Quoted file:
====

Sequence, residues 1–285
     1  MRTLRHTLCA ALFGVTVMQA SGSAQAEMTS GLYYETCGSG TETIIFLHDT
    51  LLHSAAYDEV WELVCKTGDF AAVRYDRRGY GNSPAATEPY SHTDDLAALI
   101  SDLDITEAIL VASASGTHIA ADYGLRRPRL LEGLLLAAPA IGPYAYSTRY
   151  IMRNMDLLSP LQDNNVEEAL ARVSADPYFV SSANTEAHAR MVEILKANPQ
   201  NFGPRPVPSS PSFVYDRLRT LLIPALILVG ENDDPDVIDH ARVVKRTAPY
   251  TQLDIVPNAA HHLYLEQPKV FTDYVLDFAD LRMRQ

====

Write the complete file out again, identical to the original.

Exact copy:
Sequence, residues 1–285
     1  MRTLRHTLCA ALFGVTVMQA SGSAQAEMTS GLYYETCGSG TETIIFLHDT
    51  LLHSAAYDEV WELVCKTGDF AAVRYDRRGY GNSPAATEPY SHTDDLAALI
   101  SDLDITEAIL VASASGTHIA ADYGLRRPRL LEGLLLAAPA IGPYAYSTRY
   151  IMRNMDLLSP LQDNNVEEAL ARVSADPYFV SSANTEAHAR MVEILKANPQ
   201  NFGPRPVPSS PSFVYDRLRT LLIPALILVG ENDDPDVIDH ARVVKRTAPY
   251  TQLDIVPNAA HHLYLEQPKV FTDYVLDFAD LRMRQ